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Final Qtr 1

The art and science of disinfecting, temporarily preserving, and restoring to a normal appearance a dead human body Embalming
Destruction or inhibition of pathogenic organisms and their products in or on the body Disinfection
Chemical treatment of the body so as to delay the decomposition of the body for a limited time Temporary Preservation
Care of the deceased to recreate natural form and color Restoration
Name the 4 types of embalming Arterial (Vascular), Cavity, Hypodermic, Topical (Surface)
Type of embalming that uses the circulatory system; basic embalming procedure Arterial/Vascular Embalming
Direct chemical treatment other than by arterial embalming of the contents of the body cavities and the lumina of the hollow viscera; done with a trocar Cavity Treatment/Embalming
Injection of embalming chemicals directly into the tissues using a syringe, hypodermic needle, or trocar; done as needed Hypodermic Embalming
Direct contact of internal or external tissues or body surfaces with embalming chemicals; use a cotton pack as needed Surface/Topical Embalming
What is the main cause of decomposition? (produced by bacteria and our own cells) Enzymes
Relationship based on trust Fiducial Relationship
The study of death Thanatology
The cessation or extinction of life manifested by the absence of heartbeat and respiration, and characterized by the absence of metabolism and total lack of irritability. The cessation of all vital functions without the possibility of resuscitation. Death
The irreversible cessation of total brain function Death
The irreversible cessation of all body functions Death
Condition in which the heartbeat, respiration, body warmth, and other manifestations of life are very feably maintained Apparent Death
Sound sometimes made by the dying caused by labored breathing through air passages partly filled with mucus Death Rattle
Semi-convulsive series of movements and facial twitches which may occur before death Death Struggle
Period of time immediately before death, however the time period can vary between a few seconds and a few days Agonal State/Period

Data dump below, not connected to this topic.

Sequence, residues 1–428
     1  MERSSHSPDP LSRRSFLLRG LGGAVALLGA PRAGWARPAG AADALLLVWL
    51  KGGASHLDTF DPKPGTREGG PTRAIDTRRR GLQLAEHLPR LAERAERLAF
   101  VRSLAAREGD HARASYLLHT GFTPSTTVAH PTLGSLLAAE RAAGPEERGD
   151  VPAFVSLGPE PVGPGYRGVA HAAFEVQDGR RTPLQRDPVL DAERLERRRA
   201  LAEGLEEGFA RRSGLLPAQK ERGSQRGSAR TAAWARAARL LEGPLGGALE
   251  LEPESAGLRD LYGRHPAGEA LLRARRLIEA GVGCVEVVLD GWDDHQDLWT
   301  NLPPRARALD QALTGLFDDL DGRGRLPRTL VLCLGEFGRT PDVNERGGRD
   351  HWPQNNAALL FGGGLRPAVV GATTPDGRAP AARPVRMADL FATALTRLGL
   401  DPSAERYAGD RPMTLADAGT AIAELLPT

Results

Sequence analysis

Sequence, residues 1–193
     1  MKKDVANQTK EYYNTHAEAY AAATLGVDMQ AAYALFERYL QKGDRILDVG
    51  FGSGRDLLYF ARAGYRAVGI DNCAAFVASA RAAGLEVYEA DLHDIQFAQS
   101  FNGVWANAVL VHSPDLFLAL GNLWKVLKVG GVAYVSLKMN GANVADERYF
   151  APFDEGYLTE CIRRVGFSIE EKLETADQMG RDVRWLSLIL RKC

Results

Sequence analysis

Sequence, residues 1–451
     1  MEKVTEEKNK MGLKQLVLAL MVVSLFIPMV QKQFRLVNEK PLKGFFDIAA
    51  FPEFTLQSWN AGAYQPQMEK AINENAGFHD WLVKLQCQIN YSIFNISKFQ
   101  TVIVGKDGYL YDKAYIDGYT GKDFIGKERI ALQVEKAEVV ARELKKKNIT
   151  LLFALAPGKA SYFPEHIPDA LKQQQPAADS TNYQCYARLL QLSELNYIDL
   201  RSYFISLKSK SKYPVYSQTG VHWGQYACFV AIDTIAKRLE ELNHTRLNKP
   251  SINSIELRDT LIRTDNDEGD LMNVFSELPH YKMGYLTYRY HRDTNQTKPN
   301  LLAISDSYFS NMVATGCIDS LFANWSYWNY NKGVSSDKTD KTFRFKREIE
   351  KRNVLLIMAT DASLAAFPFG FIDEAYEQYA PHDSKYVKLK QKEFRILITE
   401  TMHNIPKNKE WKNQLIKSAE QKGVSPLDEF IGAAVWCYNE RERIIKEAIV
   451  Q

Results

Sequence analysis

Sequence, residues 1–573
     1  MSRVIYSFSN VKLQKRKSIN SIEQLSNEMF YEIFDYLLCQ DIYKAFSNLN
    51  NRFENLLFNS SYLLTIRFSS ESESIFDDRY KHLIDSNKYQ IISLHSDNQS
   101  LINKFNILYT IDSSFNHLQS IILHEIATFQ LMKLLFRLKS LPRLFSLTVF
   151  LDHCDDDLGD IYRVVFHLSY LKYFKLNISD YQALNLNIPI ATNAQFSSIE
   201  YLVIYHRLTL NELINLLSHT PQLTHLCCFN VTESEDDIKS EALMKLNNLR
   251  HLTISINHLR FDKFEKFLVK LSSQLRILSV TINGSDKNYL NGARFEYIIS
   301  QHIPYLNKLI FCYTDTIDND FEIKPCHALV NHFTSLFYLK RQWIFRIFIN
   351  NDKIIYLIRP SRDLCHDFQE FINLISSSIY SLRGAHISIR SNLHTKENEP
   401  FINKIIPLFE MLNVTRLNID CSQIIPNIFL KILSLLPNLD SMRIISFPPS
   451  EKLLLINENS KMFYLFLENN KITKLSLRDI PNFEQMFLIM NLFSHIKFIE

Someone in the agonal state Moribund
Someone facing death In Articulo Mortis
The body of a deceased person including skeletal remains or a body in any stage of decomp Human Remains
Dead body embalmed in a special manner for the study of anatomy or dissection Cadaver
Those elements of a dead human body remaining after cremation Cremated Remains
Dead human body Corpse
Ratio of the number of deaths over a given period of time to the population of a given area Mortality Rate (Death Rate)
Ratio of the number of cases of specific diseases over a period of time to the population of a given area Morbidity Rate
Death of the whole organism; the body is an autonomous unit and it is the point when cooperation between body systems break down Somatic Death
Name the two parts of somatic death Clinical Death (Legal Death) & Biologic Death
Cessation of heartbeat & respiration, lasts about 5-6 minutes before brain death occurs, can be reversed if you can get the heart started before the 5-6 mins Clinical Death (Legal Death)
Irreversible cessation of total brain function, follows clinical death and this is the last part of somatic death Biologic Death
Name the 3 modes of somatic death Syncope, Asphyxia, Coma
Name the organs in the Tripod of Life Lungs, Heart, Brain
Death beginning at the heart; can be caused by penetrating wounds, loss of blood volume, myocardial infarction, heart failure Syncope
Death beginning at the brain; can be caused by penetrating/crushing wounds, tumors, stroke, blockage of vessels, loss of blood volume Coma
Death beginning at the lungs; can be caused by blood clots, choking, cancer, emphysema, pneumonia, TB, drowning, smoke inhalation, paralysis of the diaphragm Asphyxia
Death of the individual cells of the body, always follows somatic death Cellular Death
Name the cause of cellular death Anoxia (absence of oxygen)
The gradual loss or reduction of oxygen Hypoxia
Death of cells and replacement of new cells of the same type; body's way of self replacement; normal process of cellular death Necrobiosis
Pathological death of certain cells or tissues in a still living body; 2 types: gangrene & decubitous ulcers Necrosis
How does cause of death affect the onset and duration of cellular death? Healthy Person--> slow onset, long duration Someone with chronic, lengthy illnesses--> rapid onset, short duration
How does the condition of the body affect the onset and duration of cellular death? Young--> slow onset, long duration Old--> fast onset, short duration Obese--> Longer duration Thin--> Shorter duration
How do the environmental conditions affect the onset and duration of cellular death? Cold--> slower onset, longer duration Warm/Hot--> rapid onset, short duration
How do the medications taken before death affect the onset and duration of cellular death? Medications that help/build up cells--> slower onset, longer duration Medicines that are cytotoxic--> faster onset, shorter duration
Sensible manifestations that indicate the absence of life in a human body Signs of Death
What is the #1 most reliable sign of death? Decomposition
Name the signs of death Cessation of Heartbeat & Respiration, Algor Mortis, Rigor Mortis, Livor Mortis, Dehydration, Changes in the eye, Decomposition
Postmortem adjustment of body temperature to that of the surrounding medium Algor Mortis